Harnessing the inspiration available from the arts and the imagination brings to life sensitive and effective social work practice. Workers feel most satisfied while service users and communities are more likely to benefit when creative thinking can be applied to practice dilemmas. Drawing on contributions from Canada, England and Utrecht this book illustrates the transforming effect of creatively applied thinking to social problems. The first part of the book considers how use of the self can be enhanced by analytic reflection and application to difficulties facing individuals and communities. The second part shows psychodynamic theory to be a valuable aid when thinking about issues faced by social workers facing threats and accusations, therapeutic work with children and restorative youth justice. The third part of the book considers the implications of working with the arts in community settings – an ex-mining community in North West England, the Tate Gallery in London and the ‘cultural capital’ of Liverpool. Taken as a whole these chapters combine to inspire and provoke thought of how the arts and the imagination can be used creativity to help service users confronted by problems with living and the workers who attempt to get alongside them to think about these.
This book was published as a special issue of the Journal of Social Work Practice.
Table of Contents
Introduction Prue Chamberlayne and Martin Smith
Part 1 - Use of the self in creative expression
1. Where is the love? Art, aesthetics and research Yasmin Gunaratnam
2. Georgie’s girl: last conversation with my father Karen Lee
3. Innovative rehabilitation after head injury: examining the use of a creative intervention Claire Smith
4. An interplay of learning, creativity and narrative biography in a mental health setting. Bertie’s story Olivia Sagan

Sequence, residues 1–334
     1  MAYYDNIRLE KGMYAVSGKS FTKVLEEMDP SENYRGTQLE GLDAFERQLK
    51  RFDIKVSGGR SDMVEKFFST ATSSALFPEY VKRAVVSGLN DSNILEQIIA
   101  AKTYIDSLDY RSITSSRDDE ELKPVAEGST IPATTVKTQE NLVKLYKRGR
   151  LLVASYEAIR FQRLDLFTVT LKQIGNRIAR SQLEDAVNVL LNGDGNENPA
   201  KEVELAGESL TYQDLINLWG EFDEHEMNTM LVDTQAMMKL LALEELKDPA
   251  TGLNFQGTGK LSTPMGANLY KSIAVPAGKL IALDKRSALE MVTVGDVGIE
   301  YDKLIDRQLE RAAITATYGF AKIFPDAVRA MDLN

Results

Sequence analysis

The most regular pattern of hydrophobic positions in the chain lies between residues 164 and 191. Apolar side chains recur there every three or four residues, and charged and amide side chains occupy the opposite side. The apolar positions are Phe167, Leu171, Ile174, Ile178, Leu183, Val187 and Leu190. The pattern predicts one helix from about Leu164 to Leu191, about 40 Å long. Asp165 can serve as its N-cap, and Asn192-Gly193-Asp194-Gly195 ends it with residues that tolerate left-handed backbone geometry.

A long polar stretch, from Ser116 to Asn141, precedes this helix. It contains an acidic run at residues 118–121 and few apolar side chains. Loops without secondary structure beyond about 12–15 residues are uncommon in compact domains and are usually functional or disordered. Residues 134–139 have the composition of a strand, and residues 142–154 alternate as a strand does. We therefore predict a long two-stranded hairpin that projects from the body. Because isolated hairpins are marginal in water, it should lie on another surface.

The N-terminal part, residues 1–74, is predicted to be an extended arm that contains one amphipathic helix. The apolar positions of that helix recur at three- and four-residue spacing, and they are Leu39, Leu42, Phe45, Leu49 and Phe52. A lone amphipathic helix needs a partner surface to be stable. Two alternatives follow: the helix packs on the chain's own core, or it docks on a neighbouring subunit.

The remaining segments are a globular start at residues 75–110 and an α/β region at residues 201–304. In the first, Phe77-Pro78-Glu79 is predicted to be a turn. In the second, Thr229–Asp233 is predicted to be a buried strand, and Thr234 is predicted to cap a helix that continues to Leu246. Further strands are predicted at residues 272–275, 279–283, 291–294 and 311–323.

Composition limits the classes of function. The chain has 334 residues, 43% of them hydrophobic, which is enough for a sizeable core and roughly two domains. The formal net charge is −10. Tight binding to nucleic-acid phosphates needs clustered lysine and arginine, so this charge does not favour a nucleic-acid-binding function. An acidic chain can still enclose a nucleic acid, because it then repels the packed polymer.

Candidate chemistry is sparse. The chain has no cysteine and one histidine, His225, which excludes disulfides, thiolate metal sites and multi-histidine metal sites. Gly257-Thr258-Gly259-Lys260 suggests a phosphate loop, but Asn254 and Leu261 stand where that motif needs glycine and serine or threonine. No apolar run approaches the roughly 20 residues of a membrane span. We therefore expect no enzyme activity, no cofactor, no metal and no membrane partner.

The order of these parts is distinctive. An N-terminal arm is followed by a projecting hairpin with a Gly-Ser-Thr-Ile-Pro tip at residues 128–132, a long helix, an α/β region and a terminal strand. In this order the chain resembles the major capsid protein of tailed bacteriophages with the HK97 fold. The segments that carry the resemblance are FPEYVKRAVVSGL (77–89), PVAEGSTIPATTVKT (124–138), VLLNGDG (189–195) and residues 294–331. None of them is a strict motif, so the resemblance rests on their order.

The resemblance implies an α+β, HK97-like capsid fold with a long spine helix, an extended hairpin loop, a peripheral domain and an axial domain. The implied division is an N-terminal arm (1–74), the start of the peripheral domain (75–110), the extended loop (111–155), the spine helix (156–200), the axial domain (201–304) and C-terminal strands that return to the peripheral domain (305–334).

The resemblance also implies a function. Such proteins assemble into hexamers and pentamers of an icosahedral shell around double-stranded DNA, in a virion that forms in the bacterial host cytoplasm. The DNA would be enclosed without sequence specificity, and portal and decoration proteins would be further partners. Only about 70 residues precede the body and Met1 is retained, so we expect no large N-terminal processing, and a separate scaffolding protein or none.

Part 2 - Theoretical underpinnings
5. Smoke without fire? Social workers’ fears of threats and accusations Martin Smith
6. Creating communication. Self-examination as a therapeutic method for children Carolus van Nijnatten and Frida van Doorn
7. Arts based learning in restorative youth justice: embodied, moral and aesthetic Lynn Froggett
Part 3 - The wider community
8. ‘Ways of knowing and showing’: imagination and representation in feminist participatory social research Victoria Foster
9. Representations of violence: learning with Tate Modern Hannele Weir
10. ‘I thought I wasn’t creative but…’ Explorations of cultural capital with Liverpool young people Paula Pope
11. Case Experience: ‘Dancing Shoes’, A Buddhist Perspective Donovan Chamberlayne
Prue Chamberlayne has used biographical methods in a range of research and policy settings. Retired from the Faculty of Health and Social Care at the Open University, she is now writes poetry, and is involved in a community development project in Uganda.
Martin Smith is the Practitioner-Manager of the Buckinghamshire Social Services Out of Hours Emergency Team. He is particularly interested in researching and writing about social workers’ experiences of stress and fear.